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Date:	Thu, 19 Jul 2012 17:05:45 +0100
From:	Andrew Jackson <ajackson@...arflare.com>
To:	Ben Hutchings <bhutchings@...arflare.com>
CC:	Richard Cochran <richardcochran@...il.com>,
	David Miller <davem@...emloft.net>, <netdev@...r.kernel.org>,
	<linux-net-drivers@...arflare.com>
Subject: Re: [PATCH net-next 4/7] sfc: Add support for IEEE-1588 PTP

On 19/07/2012 15:37, Ben Hutchings wrote:
> On Thu, 2012-07-19 at 16:25 +0200, Richard Cochran wrote:
>> On Wed, Jul 18, 2012 at 07:21:33PM +0100, Ben Hutchings wrote:

>>> +/* Process times received from MC.
>>> + *
>>> + * Extract times from returned results, and establish the minimum value
>>> + * seen.  The minimum value represents the "best" possible time and events
>>> + * too much greater than this are rejected - the machine is, perhaps, too
>>> + * busy. A number of readings are taken so that, hopefully, at least one good
>>> + * synchronisation will be seen in the results.
>>> + */
>>
>> This code looks like it is trying to find the offset between two
>> clocks. Is there some reason why you cannot use <linux/timecompare.h>
>> to accomplish this?
>>
>> Also, these comments about "hopefull" synchronization make me
>> nervous. I think it might be easier just to offer RAW timestamps and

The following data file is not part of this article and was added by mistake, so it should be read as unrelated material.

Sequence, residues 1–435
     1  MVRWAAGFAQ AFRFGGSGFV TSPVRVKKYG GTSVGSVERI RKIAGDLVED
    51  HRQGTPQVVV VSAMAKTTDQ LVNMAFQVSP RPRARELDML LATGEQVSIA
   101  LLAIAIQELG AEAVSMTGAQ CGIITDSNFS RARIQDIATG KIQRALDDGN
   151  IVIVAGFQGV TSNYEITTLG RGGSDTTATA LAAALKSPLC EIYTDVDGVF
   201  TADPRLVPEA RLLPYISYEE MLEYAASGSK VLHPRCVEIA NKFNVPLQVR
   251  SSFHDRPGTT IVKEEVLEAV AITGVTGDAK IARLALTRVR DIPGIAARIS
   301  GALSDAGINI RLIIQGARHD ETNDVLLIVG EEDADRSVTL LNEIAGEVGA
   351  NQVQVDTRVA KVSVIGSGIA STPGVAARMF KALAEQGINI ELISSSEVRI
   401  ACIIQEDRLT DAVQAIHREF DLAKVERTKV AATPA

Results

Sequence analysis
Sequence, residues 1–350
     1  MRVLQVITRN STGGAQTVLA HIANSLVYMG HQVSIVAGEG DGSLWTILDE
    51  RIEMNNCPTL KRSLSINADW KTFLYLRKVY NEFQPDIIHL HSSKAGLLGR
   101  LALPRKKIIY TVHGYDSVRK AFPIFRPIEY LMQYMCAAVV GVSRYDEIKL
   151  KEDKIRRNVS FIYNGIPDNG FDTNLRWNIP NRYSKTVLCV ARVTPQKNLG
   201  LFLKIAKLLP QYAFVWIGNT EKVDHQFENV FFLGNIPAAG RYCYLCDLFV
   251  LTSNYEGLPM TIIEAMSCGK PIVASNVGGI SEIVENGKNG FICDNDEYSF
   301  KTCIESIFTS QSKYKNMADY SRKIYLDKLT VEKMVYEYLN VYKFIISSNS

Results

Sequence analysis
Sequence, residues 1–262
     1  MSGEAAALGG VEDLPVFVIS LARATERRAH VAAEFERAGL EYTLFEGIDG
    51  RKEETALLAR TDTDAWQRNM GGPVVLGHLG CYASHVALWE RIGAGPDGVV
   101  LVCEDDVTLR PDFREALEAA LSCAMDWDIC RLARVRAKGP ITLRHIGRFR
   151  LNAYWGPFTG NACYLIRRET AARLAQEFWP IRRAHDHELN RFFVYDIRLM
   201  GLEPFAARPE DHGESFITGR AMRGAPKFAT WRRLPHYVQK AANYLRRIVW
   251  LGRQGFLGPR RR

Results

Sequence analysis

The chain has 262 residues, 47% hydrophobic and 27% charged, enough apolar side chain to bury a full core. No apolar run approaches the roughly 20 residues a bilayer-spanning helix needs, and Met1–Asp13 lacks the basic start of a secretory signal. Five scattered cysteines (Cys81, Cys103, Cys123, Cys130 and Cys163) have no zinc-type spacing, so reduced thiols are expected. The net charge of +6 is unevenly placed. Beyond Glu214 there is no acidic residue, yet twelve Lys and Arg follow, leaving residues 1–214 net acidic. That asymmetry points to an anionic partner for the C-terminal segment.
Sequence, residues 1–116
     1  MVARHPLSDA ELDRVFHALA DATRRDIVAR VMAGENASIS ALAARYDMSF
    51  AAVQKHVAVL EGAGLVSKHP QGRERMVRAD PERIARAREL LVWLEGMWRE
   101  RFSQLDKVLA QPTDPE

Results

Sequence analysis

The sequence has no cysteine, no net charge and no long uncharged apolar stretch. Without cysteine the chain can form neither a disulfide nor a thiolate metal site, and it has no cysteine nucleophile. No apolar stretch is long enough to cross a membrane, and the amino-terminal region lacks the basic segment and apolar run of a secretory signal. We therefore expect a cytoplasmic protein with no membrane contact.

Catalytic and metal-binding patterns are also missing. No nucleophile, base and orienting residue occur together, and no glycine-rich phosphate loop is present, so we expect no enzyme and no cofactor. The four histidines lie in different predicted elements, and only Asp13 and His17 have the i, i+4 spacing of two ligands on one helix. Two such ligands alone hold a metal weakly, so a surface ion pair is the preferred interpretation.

>> forget about the SYS timestamps.
>>
>> I am trying to purge the whole SYS thing (only blackfin is left)
>> because there is a much better way to go about this, namely
>> synchronizing the system time to the PHC time via an internal PPS
>> signal.
>
> Andrew, would that work for us?

I don't think so for the reason that Stu has pointed out (failed 
assumption).

The NIC's clock isn't directly accessible by the host from the PCIe bus 
and is "behind" the MC. Even when we process PPS events, we need a 
reliable way of determining the relationship between the two clocks 
(system <> NIC). We're trying to get that as accurately as we can but we 
know that some measurements will be incorrect/out of bounds because of 
loading on the system.

In retrospect, I should have phrased the comment in more statistical 
terms rather than using ambiguous phrases like "hopefully".

	Andrew

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